Saturday, April 28, 2007

Artemision Zeus

The Zeus or Poseidon of Artemision (c. 460 BCE)

This iconic piece explains as it demonstrates the Early Classical ("severe") ideal. The body is captured at a precise moment - and a momentous precision it is. The god's entire body, and his mind, which we can begin to comprehend, are both alert and supremely focused. It is an exhilarating piece to admire, in part because we can begin to participate in the anticipated throw.

This is one of the only bronzes to survive from this era. He was recovered from a shipwreck. He might be Poseidon, but I think of Poseidon as rougher around the edges. This to me is Zeus, the god of storms and lightning, not earthquakes, and of balanced harmonies, not sudden bursts of passion. One of the things that works so well in this statue is the combination of relaxation with poised tension. The contrapposto stance is expressed by way of exaggerated extension in a body that is anatomically precise, while seeming to exemplify geometric patterning.

Woodford, her good and well-trained eye especially observant here, points out some of the technical problems with the piece; they're interesting, but don't much matter in the end.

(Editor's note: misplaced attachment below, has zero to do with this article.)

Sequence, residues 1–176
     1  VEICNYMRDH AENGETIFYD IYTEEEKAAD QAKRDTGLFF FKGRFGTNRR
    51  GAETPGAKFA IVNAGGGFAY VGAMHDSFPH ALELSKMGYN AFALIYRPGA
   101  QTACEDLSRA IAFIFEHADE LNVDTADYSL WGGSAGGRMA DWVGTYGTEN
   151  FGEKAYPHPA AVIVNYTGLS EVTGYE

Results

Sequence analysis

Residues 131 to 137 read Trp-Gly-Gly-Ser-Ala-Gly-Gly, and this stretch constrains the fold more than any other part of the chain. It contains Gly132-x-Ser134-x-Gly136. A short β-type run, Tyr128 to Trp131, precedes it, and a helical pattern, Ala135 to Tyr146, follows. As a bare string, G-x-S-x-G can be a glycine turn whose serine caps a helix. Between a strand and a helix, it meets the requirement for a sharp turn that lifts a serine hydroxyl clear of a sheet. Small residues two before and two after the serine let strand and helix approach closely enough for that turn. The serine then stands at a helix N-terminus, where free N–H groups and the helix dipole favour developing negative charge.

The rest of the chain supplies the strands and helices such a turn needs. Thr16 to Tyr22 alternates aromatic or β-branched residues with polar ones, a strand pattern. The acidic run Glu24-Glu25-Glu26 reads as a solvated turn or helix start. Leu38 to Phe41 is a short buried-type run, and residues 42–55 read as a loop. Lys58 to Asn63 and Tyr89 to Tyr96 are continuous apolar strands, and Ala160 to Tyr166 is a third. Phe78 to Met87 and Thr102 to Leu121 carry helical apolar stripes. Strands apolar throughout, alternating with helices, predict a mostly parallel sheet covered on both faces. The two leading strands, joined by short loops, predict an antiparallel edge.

We have seen that doing something new can easily unbalance the coherence of a work of art and that unforeseen problems are likely to emerge. This has happened with the Zeus of Artemisium. A novel sense of movement has been brilliantly captured, but at the same time two new problems have appeared, neither of which is solved. First, though the torso should be dramatically affected by the vigorous activity of the limbs, it is as still as it would have been in a quietly standing figure like the Kritios boy. Second, though the Zeus of Artemisium is splendid from the front and the back, it is pathetically unintelligible from the sides, which was not the case with the Kritios boy or even the kouroi (Woodford, The Art of Greece and Rome, 2004, 16).
I recall a passage, I think from William H. Gass somewhere (The World Within the Word?), in which he used the image of an equestrian statue in which the fellow points with his sword - to nothing. He was writing about meaning in a literary work, but it would serve as well, I think, for a statue like this. Although the expansive gesture encompasses more space than many other pieces of its (somewhat large) size, we don't turn to see what he has in mind to smite. We turn to see how he's doing it.